Another problem is that the method by itself does not completely guarantee the topological compatibility—one of the topological checks is implemented by the node comparisons. For instance, suppose that in FIG. 2, a and A were not compatible. Then when C is consolidated, E is still available, and C conceivably could be consolidated with E. Because E has a parent, but C is a root node, they should not be considered topologically compatible. This problem does not show up because in cases where this is possible, the nodes have something like a usage attribute that makes the nodes incompatible. Since Minimal Extension's job is to handle the topological comparison, it should handle this case, instead of relying on the node comparisons to handle it
H. Implementation Problems
The use of two lists to represent the real and virtual bindings is not optimal. Specifically, the duplicated code in Compare is suboptimal. One solution is to change the representation to a list of bindings, and another list that indicates whether each binding is real or virtual.
A related problem is that virtual bindings are cleared at the beginning of Unify, as mentioned above. Instead, they should be cleared when a real binding is established. This is a simpler change than actually fixing the bindings to track the level of backtracking. Ideally, Add would not bind resources together itself, rather than calling BindResource. Also, information from tcf_hierarchy should ideally be derived from information in the individual classes.
I. Better consolidation
The goal of Minimal Extension is to minimally consolidate the resources from secondary. A standard heuristic used to minimize resource usage is to consolidate larger resources before smaller resources. Minimal Extension uses tc_f_hierarchy to implement this heuristic, by specifying the class order in which to do the consolidation. The particular ordering comes from assuming that subgraphs with more nodes (e.g., SQL servers) should be consolidated before subgraphs with fewer nodes. There are two problems with using tcf_hierarchy: it does not handle multiple subgraphs of the same type, and the assumption is not always true. For the first case, consider a resource set with two SQL servers; one is normal, the other has an extra p device of size 100. Based on the above heuristic, the second server should be handled first. But since they are both SQL servers, they will not be distinguished by tc_f_hierarchy, and will be handled in an arbitrary order.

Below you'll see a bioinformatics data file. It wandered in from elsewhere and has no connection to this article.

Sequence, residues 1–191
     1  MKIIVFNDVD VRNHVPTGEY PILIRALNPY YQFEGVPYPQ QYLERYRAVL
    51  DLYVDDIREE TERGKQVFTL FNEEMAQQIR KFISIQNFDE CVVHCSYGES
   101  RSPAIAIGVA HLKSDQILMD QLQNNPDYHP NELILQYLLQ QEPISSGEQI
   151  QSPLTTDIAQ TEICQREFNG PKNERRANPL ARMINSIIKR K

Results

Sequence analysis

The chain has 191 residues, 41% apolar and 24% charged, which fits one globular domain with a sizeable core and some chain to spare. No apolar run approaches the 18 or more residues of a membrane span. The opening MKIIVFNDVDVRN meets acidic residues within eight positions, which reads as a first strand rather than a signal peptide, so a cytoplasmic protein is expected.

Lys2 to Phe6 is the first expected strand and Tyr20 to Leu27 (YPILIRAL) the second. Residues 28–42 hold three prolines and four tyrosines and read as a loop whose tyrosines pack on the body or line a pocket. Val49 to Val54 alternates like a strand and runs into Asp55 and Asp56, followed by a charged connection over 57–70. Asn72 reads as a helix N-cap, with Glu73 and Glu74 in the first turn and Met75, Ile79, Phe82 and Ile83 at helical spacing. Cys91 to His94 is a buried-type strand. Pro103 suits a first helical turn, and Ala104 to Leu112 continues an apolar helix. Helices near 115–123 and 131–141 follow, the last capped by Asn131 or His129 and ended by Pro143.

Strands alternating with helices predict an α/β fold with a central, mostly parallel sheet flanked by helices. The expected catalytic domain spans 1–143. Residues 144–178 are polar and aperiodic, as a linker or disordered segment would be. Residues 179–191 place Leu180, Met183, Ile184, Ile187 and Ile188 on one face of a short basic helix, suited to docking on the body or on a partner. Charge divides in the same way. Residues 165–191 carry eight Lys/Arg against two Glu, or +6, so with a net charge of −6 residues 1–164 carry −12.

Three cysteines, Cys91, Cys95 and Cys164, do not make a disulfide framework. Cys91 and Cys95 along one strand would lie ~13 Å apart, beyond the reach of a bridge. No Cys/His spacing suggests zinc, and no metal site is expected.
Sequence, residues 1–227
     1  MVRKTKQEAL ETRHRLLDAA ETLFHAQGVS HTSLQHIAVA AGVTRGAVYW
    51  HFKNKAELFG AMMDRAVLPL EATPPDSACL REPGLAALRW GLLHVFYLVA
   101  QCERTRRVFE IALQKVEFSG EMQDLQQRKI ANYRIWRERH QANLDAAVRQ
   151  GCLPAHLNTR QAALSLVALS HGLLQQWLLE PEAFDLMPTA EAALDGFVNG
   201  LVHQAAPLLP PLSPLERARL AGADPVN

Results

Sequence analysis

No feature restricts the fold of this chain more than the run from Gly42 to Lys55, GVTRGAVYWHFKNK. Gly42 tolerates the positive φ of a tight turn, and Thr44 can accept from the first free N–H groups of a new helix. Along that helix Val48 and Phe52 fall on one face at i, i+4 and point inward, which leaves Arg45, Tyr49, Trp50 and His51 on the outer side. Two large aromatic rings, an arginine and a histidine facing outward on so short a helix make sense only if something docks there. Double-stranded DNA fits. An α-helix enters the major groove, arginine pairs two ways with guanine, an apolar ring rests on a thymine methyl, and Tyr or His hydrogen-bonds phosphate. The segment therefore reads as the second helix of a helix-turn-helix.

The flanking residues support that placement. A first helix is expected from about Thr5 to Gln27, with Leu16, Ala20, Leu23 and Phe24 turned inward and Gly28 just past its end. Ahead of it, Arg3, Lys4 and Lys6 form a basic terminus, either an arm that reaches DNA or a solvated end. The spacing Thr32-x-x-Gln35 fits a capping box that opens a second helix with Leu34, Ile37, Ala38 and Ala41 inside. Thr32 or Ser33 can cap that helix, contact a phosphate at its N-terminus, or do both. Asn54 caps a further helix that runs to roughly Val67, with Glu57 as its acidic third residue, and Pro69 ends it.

For the second case, consider that l devices are handled before p devices. This normally makes sense, since an l device requires a SQL server, and all that goes with it. But suppose there is a resource set in which a p device requests 500 megabytes. If the current minimal set already has such a device, it would be better for the consolidation to handle it first, but instead, the l device's p device will probably be consolidated. One possible solution to both of these problems is to provide a dynamic weighting scheme. Minima Extension could call a procedure which dynamically calculates the order in which the nodes should be handled. Ideally, it would provide only the root nodes. A simple scheme might base the weight on the number of nodes in the subgraph; this solution would handle the first case above, but not the second. A more powerful scheme could assign a weight to each type of resource; for instance, each 10 megs of p device might cost 1 point, each process might cost 10, each machine might cost 50. Such an approach would allocate 50 points to the above 500 meg p device, but only about 13 to the typical SQL server, so the p device would be allocated first.